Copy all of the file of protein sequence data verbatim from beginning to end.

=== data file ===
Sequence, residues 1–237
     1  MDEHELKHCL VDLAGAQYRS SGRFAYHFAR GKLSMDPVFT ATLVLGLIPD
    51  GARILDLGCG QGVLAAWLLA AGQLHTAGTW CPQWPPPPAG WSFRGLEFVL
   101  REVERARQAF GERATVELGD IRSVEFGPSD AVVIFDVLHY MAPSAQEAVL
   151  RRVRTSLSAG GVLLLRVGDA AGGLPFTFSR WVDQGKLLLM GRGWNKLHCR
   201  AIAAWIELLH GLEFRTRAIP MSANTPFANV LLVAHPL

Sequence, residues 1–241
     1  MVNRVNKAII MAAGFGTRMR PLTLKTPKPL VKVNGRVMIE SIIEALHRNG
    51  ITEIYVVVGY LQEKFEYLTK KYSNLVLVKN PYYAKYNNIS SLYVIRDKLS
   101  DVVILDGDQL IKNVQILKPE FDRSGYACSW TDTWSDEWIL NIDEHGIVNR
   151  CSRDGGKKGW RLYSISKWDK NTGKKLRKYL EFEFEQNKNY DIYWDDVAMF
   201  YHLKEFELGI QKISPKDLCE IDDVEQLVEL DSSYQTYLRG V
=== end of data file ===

Sequence, residues 1–237
     1  MDEHELKHCL VDLAGAQYRS SGRFAYHFAR GKLSMDPVFT ATLVLGLIPD
    51  GARILDLGCG QGVLAAWLLA AGQLHTAGTW CPQWPPPPAG WSFRGLEFVL
   101  REVERARQAF GERATVELGD IRSVEFGPSD AVVIFDVLHY MAPSAQEAVL
   151  RRVRTSLSAG GVLLLRVGDA AGGLPFTFSR WVDQGKLLLM GRGWNKLHCR
   201  AIAAWIELLH GLEFRTRAIP MSANTPFANV LLVAHPL

Sequence, residues 1–241
     1  MVNRVNKAII MAAGFGTRMR PLTLKTPKPL VKVNGRVMIE SIIEALHRNG
    51  ITEIYVVVGY LQEKFEYLTK KYSNLVLVKN PYYAKYNNIS SLYVIRDKLS
   101  DVVILDGDQL IKNVQILKPE FDRSGYACSW TDTWSDEWIL NIDEHGIVNR
   151  CSRDGGKKGW RLYSISKWDK NTGKKLRKYL EFEFEQNKNY DIYWDDVAMF
   201  YHLKEFELGI QKISPKDLCE IDDVEQLVEL DSSYQTYLRG V